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all its imperfections, however, I indulge the hope that it may not be an utterly useless labor; but that it may contribute somewhat to a more full appreciation of the important truths unfolded in this Epistle. With such hope I commend it to all lovers of truth, and especially to that branch of the Christian Church with which I have been officially and so pleasantly connected during more than a third part of a century. LUCIUS R. PAIGE.

CAMBRIDGE, May, 1857.

INTRODUCTION

TO THE

EPISTLE TO THE ROMANS.

CONCERNING the authorship of this Epistle there is no difference of opinion among Christians. It is universally ascribed to Paul, the great Apostle to the Gentiles. There is a like general agreement that the Epistle was written at Corinth, during Paul's visit of three months at that city, noticed in Acts xx. 3, about A. D. 57, and that it was written in the Greek language. Although the Latin was the mother tongue of the Romans, yet historians assert that the Greek was understood and spoken at Rome when this Epistle was written. Moreover, it was designed for the use of many who were not natives of Rome, and to whom the Greek language was more familiar than the Latin, as it also was to the writer.

The church at Rome, as is manifest from the Epistle itself, was composed of Jews and Gentiles. Both classes had brought into the church some of the peculiar doctrines which they had believed before their conversion to Christianity. Hence arose differences between them, in regard both to faith and duty. And it may be remarked, that most of the errors which at any time have prevailed in the Christian church had their origin either in Gentile philosophy or in Jewish law; -a law which the gospel abrogated, and a philosophy which it branded as foolishness.

To induce his Roman brethren to cast aside these differences, and to unite in the simple faith of the gospel, and in the observance of its precepts, the Apostle unfolds and illustrates the whole Christian system of faith and duty. A brief synopsis of that system, as herein developed, may not improperly precede a more particular examination in detail. After a salutation, ch. i. 1—7, and an expression of his wish to visit Rome, ver. 8-15, the Apostle announces his theme, namely, the necessity and the nature of that salvation which is revealed in the gospel. The sinfulness of mankind is assumed, as an undeniable fact. It is then declared that the Gentiles, guided by the light of nature, had utterly failed to attain deliverance from sin, chap. i. 16—32 ; and that the Jews had been equally unsuccessful, though aided by a reveale i law, chap. ii. 1—iii. 20. Throughout this exposition of human inability to attain full deliverance from sinfulness, the fact is constantly and distinct kept in sight, that the uniform and certain consequence of sin is misery, bot to Jew and Gentile. Hence appears the importance of deliverance, as well a

VI

INTRODUCTION TO THE EPISTLE TO THE ROMANS.

the necessity of a higher power to accomplish it. That power, he alleges, is divine grace, manifested in Jesus Christ, and made efficacious in its influence on the human heart through the medium of faith, chap. iii. 21-iv. 25. Divine grace is as universal as sin in extent, and more powerful in operation; because it overcomes and utterly destroys both sin and all its painful consequences, chap. v. This display of grace, however, affords no encouragement to a continuance in transgression; because sin always occasions misery while it endures, and because gratitude and obedience are the natural result of a firm faith in divine grace, chap. vi. The utter inefficacy of law, and the indispensable necessity and entire sufficiency of grace, in saving men from sin, are exhibited in chap. vii., viii. In accomplishing the work of salvation, God pursues his own method; unfolding his purpose to such persons, and in such degrees, as is consistent with the due execution of the whole design. He injures none, although, temporarily, some enjoy greater privileges than others; because the ultimate highest good is secured, not only of the moral universe in general, but of each individual in particular, chap. ix., x., xi. Hence, men are exhorted to devote themselves wholly to the service of such a gracious Ruler, and to obey all his precepts, chap. xii., xiii.; and especially are the Jewish and Gentile brethren exhorted to live in peace, as servants of the same Master; remembering that the same Lord Jesus Christ who came for the glory of Israel was also and equally commissioned to bestow light and salvation on the Gentiles. The Jews are therefore exhorted to strive for enlargement of faith; and the Gentiles to look with forbearance on the remaining prejudices and weaknesses of the Jews, chap. xiv., xv. The Epistle closes with salutations, a benediction, and a doxology, chap. xvi.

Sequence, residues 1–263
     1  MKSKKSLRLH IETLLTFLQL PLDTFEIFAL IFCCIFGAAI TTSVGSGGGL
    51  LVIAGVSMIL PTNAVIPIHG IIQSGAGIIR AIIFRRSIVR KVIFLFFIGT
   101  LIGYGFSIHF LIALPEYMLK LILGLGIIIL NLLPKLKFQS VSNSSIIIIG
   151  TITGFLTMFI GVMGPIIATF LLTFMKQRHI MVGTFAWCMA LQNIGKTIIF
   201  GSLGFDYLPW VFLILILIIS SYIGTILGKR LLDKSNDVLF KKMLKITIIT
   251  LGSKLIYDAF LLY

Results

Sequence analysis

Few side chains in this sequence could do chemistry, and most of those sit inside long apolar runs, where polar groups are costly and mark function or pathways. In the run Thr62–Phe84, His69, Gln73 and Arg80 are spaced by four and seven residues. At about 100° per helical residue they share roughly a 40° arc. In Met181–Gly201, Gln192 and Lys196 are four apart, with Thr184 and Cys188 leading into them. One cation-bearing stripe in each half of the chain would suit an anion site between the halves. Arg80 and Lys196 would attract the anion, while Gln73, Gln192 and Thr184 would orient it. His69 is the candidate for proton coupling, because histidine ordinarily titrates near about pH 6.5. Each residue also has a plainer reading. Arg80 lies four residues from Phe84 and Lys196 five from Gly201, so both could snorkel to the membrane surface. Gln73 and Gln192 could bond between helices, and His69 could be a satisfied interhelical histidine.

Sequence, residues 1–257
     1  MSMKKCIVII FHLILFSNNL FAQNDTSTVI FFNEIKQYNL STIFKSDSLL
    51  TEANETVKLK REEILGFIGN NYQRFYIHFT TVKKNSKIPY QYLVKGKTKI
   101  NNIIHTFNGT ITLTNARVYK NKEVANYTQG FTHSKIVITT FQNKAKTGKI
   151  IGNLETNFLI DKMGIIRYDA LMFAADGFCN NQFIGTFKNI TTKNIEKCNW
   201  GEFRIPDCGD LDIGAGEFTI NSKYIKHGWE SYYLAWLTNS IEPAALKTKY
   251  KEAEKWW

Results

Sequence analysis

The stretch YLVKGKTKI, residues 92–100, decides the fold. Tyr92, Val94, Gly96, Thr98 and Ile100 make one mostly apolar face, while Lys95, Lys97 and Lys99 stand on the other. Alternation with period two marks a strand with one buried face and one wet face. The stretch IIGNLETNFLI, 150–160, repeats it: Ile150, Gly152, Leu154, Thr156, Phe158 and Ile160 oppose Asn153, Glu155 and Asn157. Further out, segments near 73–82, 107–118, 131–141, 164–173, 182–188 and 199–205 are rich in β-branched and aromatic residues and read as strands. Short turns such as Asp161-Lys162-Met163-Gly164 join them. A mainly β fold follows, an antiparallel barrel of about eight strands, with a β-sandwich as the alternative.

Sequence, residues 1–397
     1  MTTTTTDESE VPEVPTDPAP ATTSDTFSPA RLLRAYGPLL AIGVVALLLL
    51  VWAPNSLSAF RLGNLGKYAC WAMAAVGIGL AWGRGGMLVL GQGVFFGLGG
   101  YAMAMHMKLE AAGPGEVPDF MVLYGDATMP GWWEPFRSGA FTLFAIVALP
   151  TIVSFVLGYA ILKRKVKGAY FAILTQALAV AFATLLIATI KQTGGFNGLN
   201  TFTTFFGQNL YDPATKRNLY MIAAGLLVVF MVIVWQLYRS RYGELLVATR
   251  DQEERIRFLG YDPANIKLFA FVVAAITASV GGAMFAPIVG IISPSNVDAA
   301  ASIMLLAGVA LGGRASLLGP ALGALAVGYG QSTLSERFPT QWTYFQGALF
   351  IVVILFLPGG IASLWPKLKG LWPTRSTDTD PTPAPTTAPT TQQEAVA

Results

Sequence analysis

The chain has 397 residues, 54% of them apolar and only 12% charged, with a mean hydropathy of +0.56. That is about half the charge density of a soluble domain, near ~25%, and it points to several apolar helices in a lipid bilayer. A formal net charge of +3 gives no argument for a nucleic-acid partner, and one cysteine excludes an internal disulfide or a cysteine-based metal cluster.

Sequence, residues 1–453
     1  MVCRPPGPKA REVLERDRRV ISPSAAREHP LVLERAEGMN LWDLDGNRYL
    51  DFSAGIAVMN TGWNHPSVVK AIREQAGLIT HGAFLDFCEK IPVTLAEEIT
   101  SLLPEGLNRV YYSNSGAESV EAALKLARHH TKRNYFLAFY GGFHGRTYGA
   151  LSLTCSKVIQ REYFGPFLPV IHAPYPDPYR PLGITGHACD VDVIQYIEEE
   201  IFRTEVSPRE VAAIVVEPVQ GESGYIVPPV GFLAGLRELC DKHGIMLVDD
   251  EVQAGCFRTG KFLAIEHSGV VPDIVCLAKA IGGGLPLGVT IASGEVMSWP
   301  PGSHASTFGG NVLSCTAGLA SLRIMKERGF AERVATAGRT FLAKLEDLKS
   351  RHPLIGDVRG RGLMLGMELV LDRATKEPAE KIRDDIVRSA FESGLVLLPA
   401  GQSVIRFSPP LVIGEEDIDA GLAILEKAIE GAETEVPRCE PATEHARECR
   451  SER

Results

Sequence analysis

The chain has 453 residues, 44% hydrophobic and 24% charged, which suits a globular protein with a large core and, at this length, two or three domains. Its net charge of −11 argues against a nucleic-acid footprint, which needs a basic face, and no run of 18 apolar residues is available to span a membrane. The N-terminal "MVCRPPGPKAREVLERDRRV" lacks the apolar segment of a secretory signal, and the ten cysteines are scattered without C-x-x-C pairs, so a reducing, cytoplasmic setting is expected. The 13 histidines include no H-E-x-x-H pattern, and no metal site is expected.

EPISTLE TO THE ROMANS.

CHAPTER I.

PAUL, a servant of Jesus Christ,

The

1. Paul. Agreeably to an ancient custom, the apostle places his name at the commencement of his epistle, instead of subscribing it at the end. same form of address frequently occurs in the Old Testament. See Ezra i. 2; vii. 12; Dan. iv. 1. Even at the present time, it is used in cases of peculiar importance and solemnity; as in royal charters or proclamations, and in official communications from one branch of the Christian church to another. The original Hebrew name of this apostle was Saul; which, after his conversion, he exchanged for the Roman name Paulus, or, in its English form, Paul. See note on Acts xiii. 9. As he was in a peculiar manner an apostle to the Gentiles, it was fitting that he should use his Gentile rather than his Hebrew name, in his epistles to them; and such was his uniform practice. T A servant. The word here rendered servant indicates a person subject to the authority of another. It implies a master, to whom service is due. Hence it is sometimes used to express the condition of slavery, or servile bondage. It is applied also to royal courtiers, and officers of state, who are proud to be styled servants or slaves of the king. The prophets are styled the servants of God. Deut. xxxiv. 5; Jer. xxv. 4; Amos iii. 7. In like manner, the apostles are called, in the New Testament, servants of Christ. John xiii. 16; xv. 20. Our Loid acknowledged a more holy and tender relationship between himself and is disciples than that which is expressed by the words master and servant. Hle called them friends. John xv. 15. Yet they almost uniformly speak of themselves as servants; thus acknowledging the authority of their Master, and their subjection to his holy law.